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The Chicago martyrs
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The Chicago martyrs - Image 118. 1899. Special Collections, University of Houston Libraries. University of Houston Digital Library. Web. October 29, 2020. https://digital.lib.uh.edu/collection/scpamp/item/1725/show/1675.

Disclaimer: This is a general citation for reference purposes. Please consult the most recent edition of your style manual for the proper formatting of the type of source you are citing. If the date given in the citation does not match the date on the digital item, use the more accurate date below the digital item.

(1899). The Chicago martyrs - Image 118. Socialist and Communist Pamphlets. Special Collections, University of Houston Libraries. Retrieved from https://digital.lib.uh.edu/collection/scpamp/item/1725/show/1675

Disclaimer: This is a general citation for reference purposes. Please consult the most recent edition of your style manual for the proper formatting of the type of source you are citing. If the date given in the citation does not match the date on the digital item, use the more accurate date below the digital item.

The Chicago martyrs - Image 118, 1899, Socialist and Communist Pamphlets, Special Collections, University of Houston Libraries, accessed October 29, 2020, https://digital.lib.uh.edu/collection/scpamp/item/1725/show/1675.

Disclaimer: This is a general citation for reference purposes. Please consult the most recent edition of your style manual for the proper formatting of the type of source you are citing. If the date given in the citation does not match the date on the digital item, use the more accurate date below the digital item.

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Title The Chicago martyrs
Alternative Title The Chicago martyrs: the famous speeches of the eight anarchists in Judge Gary's court, October 7, 8, 9, 1886, and Reasons for pardoning Fielden, Neebe, and Schwab
Contributor (LCNAF)
  • Altgeld, John Peter, 1847-1902
  • Spies, August Vincent Theodore, 1855-1887
Publisher Free Society Publishing Co.
Place of Creation (TGN)
  • San Francisco, California
Date 1899
Subject.Topical (LCSH)
  • Haymarket Square Riot, Chicago, Ill., 1886
  • Anarchists
Subject.Name (LCNAF)
  • Fielden, Samuel, 1847-
  • Neebe, Oscar W., 1850-
  • Schwab, Michael, 1853-
Genre (AAT)
  • pamphlets
Language English
Type (DCMI)
  • Text
Original Item Extent 159 pages; [2] leaves of plates; 1 illustration; 1 portrait; 23 cm.
Original Item Location HX846.C4C43 1899
Original Item URL http://library.uh.edu/record=b8319999~S11
Original Collection Socialist and Communist Pamphlets
Digital Collection Socialist and Communist Pamphlets
Digital Collection URL http://digital.lib.uh.edu/collection/scpamp
Repository Special Collections, University of Houston Libraries
Repository URL http://libraries.uh.edu/branches/special-collections
Use and Reproduction This item is in the public domain and may be used freely.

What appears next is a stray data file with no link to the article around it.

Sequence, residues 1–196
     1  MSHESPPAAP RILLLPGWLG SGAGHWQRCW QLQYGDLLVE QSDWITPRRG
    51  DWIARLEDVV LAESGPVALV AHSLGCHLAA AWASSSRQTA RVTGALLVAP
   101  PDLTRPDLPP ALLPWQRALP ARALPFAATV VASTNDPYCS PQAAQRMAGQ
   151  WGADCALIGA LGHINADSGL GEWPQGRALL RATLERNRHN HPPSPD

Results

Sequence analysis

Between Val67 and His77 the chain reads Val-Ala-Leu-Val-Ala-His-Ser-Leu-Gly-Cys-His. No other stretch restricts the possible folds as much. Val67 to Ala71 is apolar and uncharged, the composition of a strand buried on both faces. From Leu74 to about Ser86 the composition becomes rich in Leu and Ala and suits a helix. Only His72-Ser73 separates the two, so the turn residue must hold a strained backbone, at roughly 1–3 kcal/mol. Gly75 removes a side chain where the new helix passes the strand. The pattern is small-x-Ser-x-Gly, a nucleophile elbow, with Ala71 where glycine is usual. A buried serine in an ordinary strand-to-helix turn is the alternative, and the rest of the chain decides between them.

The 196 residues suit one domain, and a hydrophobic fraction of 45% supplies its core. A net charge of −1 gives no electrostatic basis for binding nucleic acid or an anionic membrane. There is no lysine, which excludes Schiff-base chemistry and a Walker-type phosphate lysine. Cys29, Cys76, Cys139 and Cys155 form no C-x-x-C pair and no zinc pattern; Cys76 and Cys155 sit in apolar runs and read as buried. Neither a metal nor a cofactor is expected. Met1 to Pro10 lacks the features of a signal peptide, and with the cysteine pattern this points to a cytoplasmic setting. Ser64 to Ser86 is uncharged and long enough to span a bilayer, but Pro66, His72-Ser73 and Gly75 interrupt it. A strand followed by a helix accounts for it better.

File Name index.cpd
Item Description
Title Image 118
Format (IMT)
  • image/jpeg
File Name uhlib_21042507_117.jpg
Transcript 110 ADDRESS OF ALBERT R. PARSONS. hirelings to enforce their man-made laws and maintain their "power" over their fellowmen. Oh, consistency, indeed thou art a jewel! These hypocrites, always did, and do today, employ brute force to compel their fellowmen to obey and serve them, while they whine and snivel behind their sanctimonious masks about their "love of man and the power of God." I hope some of them will preach in their pulpits next Sunday morning on this topic. In the opinion of an Anarchist, the sum total of human life is expressed in one word—authority. The economic regulates and controls the social status of man ; the mode and manner of procuring our livelihood affects our whole life; the all-pervading cause is economic, not political, moral, or religious, and social institutions of every kind and degree result from, grow out of, and are created by the economic or industrial regulations of society. Every human being, consciously or unconsciously, is affected and controlled by it in what they think, or say or do. There is no escape; no evasion from its consequences. It is logic. It is cause and effect: Evil exists on every hand; the well disposed, philanthropic, and generous, and the good seek relief from these evil influences by moral suasion, by self-denial, by religion, by politics, etc. etc., but in vain, in vain! The evils .remain, and not only remain, but grow worse and worse. Why, if the fountain is corrupt, can the stream be pure? If the cause remains, must not the effects follow? Jails, judges, and executioners, police, armies and navies, pestilence, misery and ignorance and debauchery, and evils of all kinds of high and low degree, all flow from one fountain; t' at flowing fountain of human wee is the economic or industrial subjection and enslavement of man to man. Every human ill is produced by the denial or the violation of man's natural rights or by the neglect or refusal of man to conform his life to the requirements of nature. Wickedness, wretchedness, ignorance, vice, crime, poverty are the penalties which nature inflicts upon her disobedient children. The natural man is a happy man. He is virtuous and right; truly so. Whoever violates the right of another, Booner or later punishes himself. Nature is inexorable. From her penalty there is no escape. But in a court of law—of so-called "justice"—if you are a member of the Citizens' Association, or if you have a big bank account, in other words, if you are a member of the propertied class, you crawl out of anything you want to, for law is for sale; that is to say, whoever can purchase the lawyers, stock the jury and bribe the court, can win. There is only one law for the poor, to wit: Obey the rich. The existing economic system has placed on tlu^ market for sale man's natural rights. What are these rights? Well, among the many I will enumerate one or two. The right to live, for instance, is an inalienable right. So, too, is the right to liberty and the pursuit of happiness. Now, how can I possess these rights and enjoy them, when the very condition and the means for their procurement are owned by and belong to another? Shakespeare makes Shylock say at the bar of the Venetian court, " You do take my life when you take the means wheieby I live." Now, the means of life are monopolized ; the necessary means for the existence of all have been appropriated and monopolized by a few. The land, the implements of production and communication, the resources of life are now held as private property, and its owners exact tribute from the propertyless. In this way